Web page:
Watch out, Viber and WhatsApp! Free SMS!
If you have a smartphone, there’s a good chance that you have Viber or WhatsApp installed. These apps use your already established address book as your social graph and provide free texting or even free VoIP calls among those contacts. Now, there’s a new competitor in that space, a company called yuilop. I first discovered them through Andreas Dittes (@dittes), who visited them on his founder trip to Barcelona.
The app calls itself a free-to-all communications app, which means you can call and text everyone for free. If the other person is also using yuilop, the message is delivered through the app; if not, you can send a regular SMS. Oh, and Facebook is also integrated.
The calls and messages outside of yuilop are limited. They use a virtual currency called “energy”. Users receive energy by actively using the app to communicate with yuilop contacts or through special sponsored offers, and they spend energy by making calls and messages outside.
I can’t help but look at this app from different perspectives; the user perspective, the marketing perspective and the business perspective:
- As a user, I’m happy to save on calls and texting, especially internationally. But more than that, I can see all communications threads within a single app; because (on Android, at least) I can even pull in regular SMS from my mobile number. This is similar to iMessage on iOS, which is fully integrated with SMS but, well, only for iOS devices.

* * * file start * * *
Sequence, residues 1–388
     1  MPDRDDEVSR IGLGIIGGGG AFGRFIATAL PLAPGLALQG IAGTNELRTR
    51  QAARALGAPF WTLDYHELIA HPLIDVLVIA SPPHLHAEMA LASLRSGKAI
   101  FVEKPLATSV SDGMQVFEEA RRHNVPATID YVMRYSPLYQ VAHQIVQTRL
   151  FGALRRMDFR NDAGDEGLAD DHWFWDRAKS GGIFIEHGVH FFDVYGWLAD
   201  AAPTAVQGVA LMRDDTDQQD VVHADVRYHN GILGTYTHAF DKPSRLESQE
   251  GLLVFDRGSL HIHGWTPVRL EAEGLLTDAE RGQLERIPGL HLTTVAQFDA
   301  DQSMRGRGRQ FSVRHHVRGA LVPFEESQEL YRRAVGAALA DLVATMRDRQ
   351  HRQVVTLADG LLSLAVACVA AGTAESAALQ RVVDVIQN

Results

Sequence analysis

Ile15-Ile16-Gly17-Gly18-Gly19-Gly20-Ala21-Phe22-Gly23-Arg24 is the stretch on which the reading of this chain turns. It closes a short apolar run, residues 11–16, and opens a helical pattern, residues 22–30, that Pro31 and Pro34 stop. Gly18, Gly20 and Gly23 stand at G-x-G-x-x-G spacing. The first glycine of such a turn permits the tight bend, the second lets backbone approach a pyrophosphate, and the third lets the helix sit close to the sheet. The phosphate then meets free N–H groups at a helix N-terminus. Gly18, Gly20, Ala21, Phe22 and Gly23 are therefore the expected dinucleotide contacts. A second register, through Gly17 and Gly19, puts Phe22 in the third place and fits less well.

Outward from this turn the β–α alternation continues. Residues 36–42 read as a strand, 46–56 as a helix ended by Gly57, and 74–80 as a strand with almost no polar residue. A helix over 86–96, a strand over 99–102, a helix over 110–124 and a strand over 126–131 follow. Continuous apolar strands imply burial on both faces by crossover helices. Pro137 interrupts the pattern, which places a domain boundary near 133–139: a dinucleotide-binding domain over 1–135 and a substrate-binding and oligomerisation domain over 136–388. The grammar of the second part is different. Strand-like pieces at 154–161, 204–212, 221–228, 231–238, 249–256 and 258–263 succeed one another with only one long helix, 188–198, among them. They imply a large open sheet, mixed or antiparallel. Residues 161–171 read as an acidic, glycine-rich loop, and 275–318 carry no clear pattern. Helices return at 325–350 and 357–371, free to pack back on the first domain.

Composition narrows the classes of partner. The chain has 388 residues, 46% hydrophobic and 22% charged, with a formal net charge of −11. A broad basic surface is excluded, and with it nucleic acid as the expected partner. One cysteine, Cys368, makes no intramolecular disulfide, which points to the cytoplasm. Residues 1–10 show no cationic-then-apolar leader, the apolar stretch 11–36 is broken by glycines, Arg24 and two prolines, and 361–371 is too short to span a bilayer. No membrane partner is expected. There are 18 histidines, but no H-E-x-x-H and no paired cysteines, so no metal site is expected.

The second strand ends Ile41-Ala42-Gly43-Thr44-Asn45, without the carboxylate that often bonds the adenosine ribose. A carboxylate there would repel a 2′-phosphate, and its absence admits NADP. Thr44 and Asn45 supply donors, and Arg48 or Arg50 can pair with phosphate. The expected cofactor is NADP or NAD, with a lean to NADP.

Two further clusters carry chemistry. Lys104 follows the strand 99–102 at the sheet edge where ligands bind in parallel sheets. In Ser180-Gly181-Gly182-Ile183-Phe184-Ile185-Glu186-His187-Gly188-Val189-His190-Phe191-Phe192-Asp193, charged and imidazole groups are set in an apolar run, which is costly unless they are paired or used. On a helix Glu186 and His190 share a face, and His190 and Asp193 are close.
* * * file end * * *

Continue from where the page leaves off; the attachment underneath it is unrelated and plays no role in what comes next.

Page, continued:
- From the marketing perspective, I think the team has done a brilliant job. Because of the energy system, users are not only motivated to share and spread the word but they are also motivated to use the app whenever possible, even if they could text over another channel (such as WhatsApp). Users can also get a number (currently only available in the +49157 range and you need to provide a German postal address) on which they can receive SMS and earn energy for every message. This is another lock-in effect for yuilop.
- Looking at the business perspective, I’m curious how they will monetize in the long term. They do not only have costs for servers and app development, they also have to pay for regular calls and SMS. Right now they can give away a lot of energy, but when the viral distribution has gone far enough, they may not be able to afford giving energy, so users will have a hard time earning their energy (e.g. by installing apps from an offerwall). Personally I think an option to purchase energy with real money would be great, since even then it would probably be cheaper than my contract’s rates, but yuilop would lose it’s “everything is free” slogan.
I’m curious to see whether yuilop will gain traction in the market. I wish the startup good luck. If you’re interested, you can download yuilop from the AppStore or Google Play and try it yourself! Unfortunately it is not available in every market, the team is slowly rolling out internationally; most notably the United States is not on the list yet.
9 Lessons on Startup Failure